Another popular reason for it was a number of people came in and said it`s breastfeeding moms, and that tends to happen around 3:00 AM. I don`t know why. But, it was just fascinating and the number of people that, we didn`t have a lot of people trying to explain it away, but there were some that did. And it was just like, `What? I don`t understand that.` One was Tom Goodwin, and I enjoy reading Tom`s tweets, and he put out something about, you can`t get insight from big data or something like that. And I said, `Well, I found this very insightful, this piece of information about shoes.` And he`s basically come back and said, `Well, it`s clearly bollocks.` And my point was, well, I said that search phrases for shoes peak at around 2:00 AM in Australia.
So, what is actually happening is that in Australia these shift workers, these breastfeeding moms, whoever it is, we see this trend towards 2:00 AM and then there`s a spike maybe around change of shift or something like that, I don`t know, and then it tends to drop off. Now people will say, `Well, Jim, maybe the time scale`s wrong.` That was one of the initial suggestions and that`s why I`ve got breakfast here as a control set. And you can see here, more people search for breakfast on a Sunday morning, makes sense, than they do during the week.Trust the data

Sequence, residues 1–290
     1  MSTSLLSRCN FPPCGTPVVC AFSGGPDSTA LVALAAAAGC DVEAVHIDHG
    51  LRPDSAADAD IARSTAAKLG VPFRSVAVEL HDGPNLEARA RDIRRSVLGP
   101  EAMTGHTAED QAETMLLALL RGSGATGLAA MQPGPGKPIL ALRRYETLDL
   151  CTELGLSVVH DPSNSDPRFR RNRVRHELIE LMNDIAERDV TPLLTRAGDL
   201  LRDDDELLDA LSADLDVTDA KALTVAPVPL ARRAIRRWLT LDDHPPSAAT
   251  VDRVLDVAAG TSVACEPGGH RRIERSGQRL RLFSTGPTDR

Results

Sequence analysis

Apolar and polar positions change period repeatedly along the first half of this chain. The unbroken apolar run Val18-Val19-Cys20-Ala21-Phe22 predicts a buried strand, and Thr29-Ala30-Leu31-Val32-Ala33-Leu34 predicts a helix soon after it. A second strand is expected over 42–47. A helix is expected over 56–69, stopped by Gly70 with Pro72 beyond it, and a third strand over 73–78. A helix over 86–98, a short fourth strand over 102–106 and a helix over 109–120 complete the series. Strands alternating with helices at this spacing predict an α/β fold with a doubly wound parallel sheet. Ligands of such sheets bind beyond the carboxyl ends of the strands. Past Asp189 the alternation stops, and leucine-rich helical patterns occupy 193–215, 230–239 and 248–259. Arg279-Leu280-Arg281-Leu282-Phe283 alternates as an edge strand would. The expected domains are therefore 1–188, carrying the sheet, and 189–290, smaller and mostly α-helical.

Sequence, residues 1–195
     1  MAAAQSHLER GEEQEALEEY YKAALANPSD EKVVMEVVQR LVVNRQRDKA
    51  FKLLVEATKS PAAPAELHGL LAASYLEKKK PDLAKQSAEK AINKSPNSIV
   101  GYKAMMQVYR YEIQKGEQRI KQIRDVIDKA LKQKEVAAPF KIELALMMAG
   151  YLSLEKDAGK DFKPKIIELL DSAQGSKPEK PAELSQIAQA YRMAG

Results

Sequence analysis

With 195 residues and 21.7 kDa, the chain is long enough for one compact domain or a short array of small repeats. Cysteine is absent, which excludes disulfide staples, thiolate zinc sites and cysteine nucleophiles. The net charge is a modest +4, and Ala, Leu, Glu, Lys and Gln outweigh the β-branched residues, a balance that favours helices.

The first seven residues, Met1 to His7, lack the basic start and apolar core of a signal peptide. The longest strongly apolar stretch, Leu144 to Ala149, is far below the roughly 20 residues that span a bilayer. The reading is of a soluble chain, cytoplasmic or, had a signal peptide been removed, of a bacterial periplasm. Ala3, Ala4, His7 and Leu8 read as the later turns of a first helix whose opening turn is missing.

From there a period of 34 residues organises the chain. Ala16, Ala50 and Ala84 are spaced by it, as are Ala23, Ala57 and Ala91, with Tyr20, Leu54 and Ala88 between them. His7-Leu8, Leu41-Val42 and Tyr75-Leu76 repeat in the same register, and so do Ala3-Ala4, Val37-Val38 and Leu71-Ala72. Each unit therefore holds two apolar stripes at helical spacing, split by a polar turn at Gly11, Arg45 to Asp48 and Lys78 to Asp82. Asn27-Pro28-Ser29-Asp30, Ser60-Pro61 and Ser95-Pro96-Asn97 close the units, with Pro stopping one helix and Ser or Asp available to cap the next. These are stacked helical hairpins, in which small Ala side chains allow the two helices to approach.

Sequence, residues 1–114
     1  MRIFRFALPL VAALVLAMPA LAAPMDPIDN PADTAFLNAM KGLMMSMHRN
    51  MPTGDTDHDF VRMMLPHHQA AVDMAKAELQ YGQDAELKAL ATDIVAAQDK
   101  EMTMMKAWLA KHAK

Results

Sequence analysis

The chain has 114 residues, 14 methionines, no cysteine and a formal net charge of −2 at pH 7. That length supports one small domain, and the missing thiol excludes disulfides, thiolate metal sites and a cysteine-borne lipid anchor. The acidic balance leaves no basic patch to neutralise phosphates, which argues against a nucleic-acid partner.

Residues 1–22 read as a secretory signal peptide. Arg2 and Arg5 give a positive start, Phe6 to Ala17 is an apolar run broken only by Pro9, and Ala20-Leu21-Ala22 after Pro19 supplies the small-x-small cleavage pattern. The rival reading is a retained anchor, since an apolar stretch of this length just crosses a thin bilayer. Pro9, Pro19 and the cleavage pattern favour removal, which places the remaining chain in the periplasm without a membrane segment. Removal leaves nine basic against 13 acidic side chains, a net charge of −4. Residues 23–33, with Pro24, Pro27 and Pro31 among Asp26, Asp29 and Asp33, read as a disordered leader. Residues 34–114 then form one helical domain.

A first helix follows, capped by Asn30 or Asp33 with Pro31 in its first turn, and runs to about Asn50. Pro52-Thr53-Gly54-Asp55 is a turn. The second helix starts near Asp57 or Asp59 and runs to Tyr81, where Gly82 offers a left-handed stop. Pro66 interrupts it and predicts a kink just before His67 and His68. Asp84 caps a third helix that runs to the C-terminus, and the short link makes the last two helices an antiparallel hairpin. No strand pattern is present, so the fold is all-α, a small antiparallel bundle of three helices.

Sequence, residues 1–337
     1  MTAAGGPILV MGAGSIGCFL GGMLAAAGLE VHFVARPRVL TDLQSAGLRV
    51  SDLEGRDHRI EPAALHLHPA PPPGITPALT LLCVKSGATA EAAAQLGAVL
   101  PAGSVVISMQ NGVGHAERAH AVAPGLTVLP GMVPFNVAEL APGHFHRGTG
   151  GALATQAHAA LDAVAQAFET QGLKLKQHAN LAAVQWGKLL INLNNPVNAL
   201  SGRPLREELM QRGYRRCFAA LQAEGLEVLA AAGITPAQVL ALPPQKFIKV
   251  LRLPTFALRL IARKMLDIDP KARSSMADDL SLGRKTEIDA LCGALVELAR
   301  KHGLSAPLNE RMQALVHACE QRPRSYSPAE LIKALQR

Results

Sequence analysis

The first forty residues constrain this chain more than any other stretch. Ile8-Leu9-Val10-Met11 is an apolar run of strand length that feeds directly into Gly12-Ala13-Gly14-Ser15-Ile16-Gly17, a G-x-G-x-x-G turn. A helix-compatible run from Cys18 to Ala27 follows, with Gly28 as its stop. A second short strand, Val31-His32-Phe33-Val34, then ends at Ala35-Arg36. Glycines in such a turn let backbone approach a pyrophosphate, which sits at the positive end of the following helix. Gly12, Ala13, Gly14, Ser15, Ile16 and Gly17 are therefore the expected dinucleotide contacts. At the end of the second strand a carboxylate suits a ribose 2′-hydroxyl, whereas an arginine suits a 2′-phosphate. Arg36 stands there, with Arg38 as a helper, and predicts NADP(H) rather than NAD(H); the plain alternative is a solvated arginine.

So, you can learn a lot from Google Trends, but it says something to me about the assumptions that we make when we look at data. And Tom wasn`t the only one who said, `That`s completely bollocks. I don`t believe that for a second.` Even though we`ve predicted, as I`ve shown, presidential elections, Australia`s last federal election outcome, and all sorts of things you can predict with this tool if you know how to do the comparisons and look at the right data. But when we see things like this and the data is right in front of their face and we just deny it, that is happening also on eCommerce sites like shop windows, they`re just an assumption. And this is what we need. We need this big banner.